After the tour I was able to start the tile workshop.  I'd already seen a painter at work and realized the way they apply the pattern was very similar to the way we did it for the tiles we'd painted in Istanbul.at Les Arts Turcs - charcoal was applied to the porcelain through a stencil and the design was painted directly over it.  Any remaining charcoal burns off in the kiln.  Every piece of Delftware is created with two small brushes - one that has a couple of long hairs sticking forward to paint lines and a short stubby one to fill in areas of tone.  When you're looking at a single tile or a vase, that's okay, but there were other pieces, like a reproduction of The Night Watch, that were much larger.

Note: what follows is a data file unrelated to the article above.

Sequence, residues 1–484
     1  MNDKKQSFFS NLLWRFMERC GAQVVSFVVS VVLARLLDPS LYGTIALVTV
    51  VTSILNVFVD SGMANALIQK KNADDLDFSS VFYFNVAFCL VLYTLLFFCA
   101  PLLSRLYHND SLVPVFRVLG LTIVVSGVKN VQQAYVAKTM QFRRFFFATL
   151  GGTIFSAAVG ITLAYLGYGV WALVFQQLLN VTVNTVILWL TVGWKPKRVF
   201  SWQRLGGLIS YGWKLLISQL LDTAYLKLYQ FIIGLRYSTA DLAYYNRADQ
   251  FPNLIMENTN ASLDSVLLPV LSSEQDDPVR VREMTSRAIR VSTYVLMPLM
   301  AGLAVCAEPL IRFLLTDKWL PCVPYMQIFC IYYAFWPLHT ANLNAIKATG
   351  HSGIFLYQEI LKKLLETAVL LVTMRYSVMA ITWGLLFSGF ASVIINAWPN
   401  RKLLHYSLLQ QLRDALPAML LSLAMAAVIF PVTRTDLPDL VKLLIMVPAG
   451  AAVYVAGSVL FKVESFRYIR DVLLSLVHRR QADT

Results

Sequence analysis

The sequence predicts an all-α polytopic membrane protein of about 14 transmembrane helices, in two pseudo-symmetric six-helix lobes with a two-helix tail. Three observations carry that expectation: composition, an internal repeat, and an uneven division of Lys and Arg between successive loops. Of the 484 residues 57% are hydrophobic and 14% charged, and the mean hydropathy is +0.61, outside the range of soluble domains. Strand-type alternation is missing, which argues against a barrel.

Try to imagine painting all of those tiles with two small brushes!  The size is similar to the original, but I'm pretty sure Rembrandt painted parts of his masterpiece with bigger brushes.  Royal Delft does reproductions of Vermeer as well, and The Little Street was available for us to paint, but I went for a more traditional windmill scene.  And after I painted the hell out of that windmill, I painted some badass tulips and a little cat.  I would not have made a very good tile painter - you were definitely supposed to paint ONLY what had been designed and not make any little personal touches.  Since I'm not, I slayed with my personal touches.  And because I'd worked so hard and made it so personal, I had to fight not to cry a little when I realized I wasn't going to get to keep it, since there was no way I could pay 45 euros - more than the workshop and the tour combined - to get it sent to my parents' house.  And I guess that's okay - after all, I broke my Turkish tile.  You don't really get to keep anything but your experiences...even friendships don't come with a guarantee...but all the same, if I were doing the whole trip over again, I'd go to Delft on the first day, so that I could remember Fabritius and go back for him and my tile at the end.